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cisco-midyear-security-report-2016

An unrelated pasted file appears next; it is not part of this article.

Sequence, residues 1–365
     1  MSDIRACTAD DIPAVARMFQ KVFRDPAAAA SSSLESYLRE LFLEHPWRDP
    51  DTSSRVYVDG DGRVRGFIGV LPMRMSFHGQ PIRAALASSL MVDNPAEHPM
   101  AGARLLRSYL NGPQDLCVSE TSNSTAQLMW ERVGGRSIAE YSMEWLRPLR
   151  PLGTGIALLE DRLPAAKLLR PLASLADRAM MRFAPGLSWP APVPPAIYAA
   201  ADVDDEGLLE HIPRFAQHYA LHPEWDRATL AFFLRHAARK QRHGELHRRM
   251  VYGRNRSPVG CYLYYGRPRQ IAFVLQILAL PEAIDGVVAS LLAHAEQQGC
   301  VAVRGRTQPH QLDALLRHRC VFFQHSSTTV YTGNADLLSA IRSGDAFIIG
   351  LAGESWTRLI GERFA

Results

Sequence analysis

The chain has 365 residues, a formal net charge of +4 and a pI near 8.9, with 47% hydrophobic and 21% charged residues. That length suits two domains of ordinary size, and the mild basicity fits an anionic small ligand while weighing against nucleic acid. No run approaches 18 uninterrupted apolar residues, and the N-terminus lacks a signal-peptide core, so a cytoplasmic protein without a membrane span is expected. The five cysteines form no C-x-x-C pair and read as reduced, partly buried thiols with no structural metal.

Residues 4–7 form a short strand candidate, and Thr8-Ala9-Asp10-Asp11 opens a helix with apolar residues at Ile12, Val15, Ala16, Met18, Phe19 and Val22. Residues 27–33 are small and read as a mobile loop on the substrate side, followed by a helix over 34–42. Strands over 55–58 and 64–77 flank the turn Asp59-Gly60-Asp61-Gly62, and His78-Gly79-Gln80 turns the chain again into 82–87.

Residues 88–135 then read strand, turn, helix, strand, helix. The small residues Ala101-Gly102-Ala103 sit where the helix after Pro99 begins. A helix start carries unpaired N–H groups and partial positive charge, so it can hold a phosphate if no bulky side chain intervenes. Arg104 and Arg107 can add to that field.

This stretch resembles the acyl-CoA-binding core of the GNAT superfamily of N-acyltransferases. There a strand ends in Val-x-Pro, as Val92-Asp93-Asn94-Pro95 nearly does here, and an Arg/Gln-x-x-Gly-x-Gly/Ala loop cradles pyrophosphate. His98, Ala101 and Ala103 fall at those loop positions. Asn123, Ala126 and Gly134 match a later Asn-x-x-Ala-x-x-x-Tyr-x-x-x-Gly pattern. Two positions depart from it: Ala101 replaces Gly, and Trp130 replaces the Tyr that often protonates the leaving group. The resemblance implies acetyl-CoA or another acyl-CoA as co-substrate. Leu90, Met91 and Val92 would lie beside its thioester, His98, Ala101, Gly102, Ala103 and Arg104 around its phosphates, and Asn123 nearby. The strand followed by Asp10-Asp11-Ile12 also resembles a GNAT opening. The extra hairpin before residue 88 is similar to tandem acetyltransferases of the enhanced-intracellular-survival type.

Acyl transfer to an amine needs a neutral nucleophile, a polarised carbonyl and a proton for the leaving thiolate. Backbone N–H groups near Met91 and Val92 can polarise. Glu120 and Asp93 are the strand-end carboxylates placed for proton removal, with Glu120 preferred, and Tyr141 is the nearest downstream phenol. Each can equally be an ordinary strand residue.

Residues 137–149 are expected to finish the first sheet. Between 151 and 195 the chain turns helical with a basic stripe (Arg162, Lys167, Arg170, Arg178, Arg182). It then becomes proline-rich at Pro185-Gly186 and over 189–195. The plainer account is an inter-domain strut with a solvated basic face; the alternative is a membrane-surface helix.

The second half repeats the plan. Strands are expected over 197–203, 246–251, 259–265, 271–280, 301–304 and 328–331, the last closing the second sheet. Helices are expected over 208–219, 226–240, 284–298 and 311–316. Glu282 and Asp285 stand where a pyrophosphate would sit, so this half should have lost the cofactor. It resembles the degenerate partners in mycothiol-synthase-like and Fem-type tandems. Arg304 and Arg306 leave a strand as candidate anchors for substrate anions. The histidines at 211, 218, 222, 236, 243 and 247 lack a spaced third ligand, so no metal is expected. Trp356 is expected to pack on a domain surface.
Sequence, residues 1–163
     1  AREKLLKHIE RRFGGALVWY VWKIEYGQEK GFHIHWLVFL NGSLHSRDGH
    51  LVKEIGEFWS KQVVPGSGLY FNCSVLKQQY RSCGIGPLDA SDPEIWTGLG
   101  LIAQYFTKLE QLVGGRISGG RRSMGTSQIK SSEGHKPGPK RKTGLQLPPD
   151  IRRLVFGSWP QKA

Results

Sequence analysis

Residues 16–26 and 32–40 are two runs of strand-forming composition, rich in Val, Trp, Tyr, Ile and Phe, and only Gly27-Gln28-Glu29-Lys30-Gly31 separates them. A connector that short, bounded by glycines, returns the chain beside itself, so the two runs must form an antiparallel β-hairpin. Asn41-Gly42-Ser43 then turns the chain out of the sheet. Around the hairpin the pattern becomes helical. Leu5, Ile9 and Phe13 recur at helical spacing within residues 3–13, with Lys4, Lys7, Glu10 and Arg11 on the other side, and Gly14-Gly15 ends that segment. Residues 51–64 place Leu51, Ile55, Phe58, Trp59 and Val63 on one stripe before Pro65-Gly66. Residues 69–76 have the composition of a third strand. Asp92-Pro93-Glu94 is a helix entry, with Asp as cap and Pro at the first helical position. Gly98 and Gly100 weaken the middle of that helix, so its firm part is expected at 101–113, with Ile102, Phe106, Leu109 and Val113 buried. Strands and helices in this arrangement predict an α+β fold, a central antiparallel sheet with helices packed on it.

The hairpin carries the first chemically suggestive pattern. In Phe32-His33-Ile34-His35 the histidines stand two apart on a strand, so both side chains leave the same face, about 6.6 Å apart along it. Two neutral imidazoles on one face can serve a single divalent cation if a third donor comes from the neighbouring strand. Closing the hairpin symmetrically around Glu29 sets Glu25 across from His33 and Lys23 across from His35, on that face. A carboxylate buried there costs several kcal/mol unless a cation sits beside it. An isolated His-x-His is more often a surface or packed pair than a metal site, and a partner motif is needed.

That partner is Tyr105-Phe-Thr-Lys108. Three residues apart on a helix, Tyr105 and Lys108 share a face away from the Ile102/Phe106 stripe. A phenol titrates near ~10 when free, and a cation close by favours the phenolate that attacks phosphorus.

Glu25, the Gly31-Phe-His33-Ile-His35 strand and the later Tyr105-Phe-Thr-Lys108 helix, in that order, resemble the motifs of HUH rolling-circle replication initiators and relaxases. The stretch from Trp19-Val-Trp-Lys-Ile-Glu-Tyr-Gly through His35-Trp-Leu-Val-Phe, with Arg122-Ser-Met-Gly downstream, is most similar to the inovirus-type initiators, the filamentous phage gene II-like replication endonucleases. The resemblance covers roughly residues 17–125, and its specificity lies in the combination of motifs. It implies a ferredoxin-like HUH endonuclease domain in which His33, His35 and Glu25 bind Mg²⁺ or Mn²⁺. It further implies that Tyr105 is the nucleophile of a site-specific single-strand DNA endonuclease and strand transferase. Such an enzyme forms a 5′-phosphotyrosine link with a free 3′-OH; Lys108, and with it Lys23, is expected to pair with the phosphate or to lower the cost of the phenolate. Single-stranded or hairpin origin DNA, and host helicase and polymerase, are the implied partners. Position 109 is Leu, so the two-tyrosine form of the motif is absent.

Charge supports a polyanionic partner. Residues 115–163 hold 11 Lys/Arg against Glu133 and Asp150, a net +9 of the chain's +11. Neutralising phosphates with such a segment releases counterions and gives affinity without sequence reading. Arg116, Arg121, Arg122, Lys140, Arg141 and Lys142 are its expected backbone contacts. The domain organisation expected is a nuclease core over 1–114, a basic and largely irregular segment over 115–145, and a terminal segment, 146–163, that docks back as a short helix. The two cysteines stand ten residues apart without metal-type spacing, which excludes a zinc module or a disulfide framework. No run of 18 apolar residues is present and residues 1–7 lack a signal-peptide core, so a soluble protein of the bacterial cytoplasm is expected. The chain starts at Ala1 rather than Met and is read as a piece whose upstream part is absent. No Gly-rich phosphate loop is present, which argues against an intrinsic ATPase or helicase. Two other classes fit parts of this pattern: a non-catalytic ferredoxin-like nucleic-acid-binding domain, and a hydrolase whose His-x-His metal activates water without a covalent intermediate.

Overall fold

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2 | Executive Summary and Major Findings 2016 Midyear Cybersecurity Report Executive Summary and Major Findings Defenders must reduce attackers' time to operate. It is the key to undermining their success. Attackers currently enjoy unconstrained time to operate. Their campaigns, which often take advantage of known vulnerabilities that organizations and end users could have— and should have—known about and addressed, can remain active and undetected for days, months, or even longer. Defenders, meanwhile, struggle to gain visibility into threat activity and to reduce the time to detection (TTD) of both known and new threats. They are making clear strides but still have a long way to go to truly undermine adversaries' ability to lay the foundation for attacks—and strike with high and profitable impact. The Cisco® 2016 Midyear Cybersecurity Report—which presents research, insights, and perspectives from Cisco Security Research—updates security professionals on the trends covered in our previous security report while also examining developments that may affect the security landscape later this year. Our observation of recent developments within and from the shadow economy confirms that adversaries have become only more focused on generating revenue. Ransomware has become a particularly effective moneymaker, and enterprise users appear to be the preferred target of some operators. Many of the threat and security trends discussed in this report are related to ransomware—from techniques used to launch campaigns and conceal attackers' activity to our expectations for how the next generation of this potent threat will evolve. In this report, we examine the many ways organizations can and should take action to start improving their defenses. Recommendations from Cisco researchers include: • Instituting and testing an incident response plan that will enable a swift return to normal business operations following a ransomware attack • Not blindly trusting HTTPS connections and SSL certificates • Moving quickly to patch published vulnerabilities in software and systems, including routers and switches that are the components of critical Internet infrastructure • Educating users about the threat of malicious browser infections • Understanding what actionable threat intelligence really is

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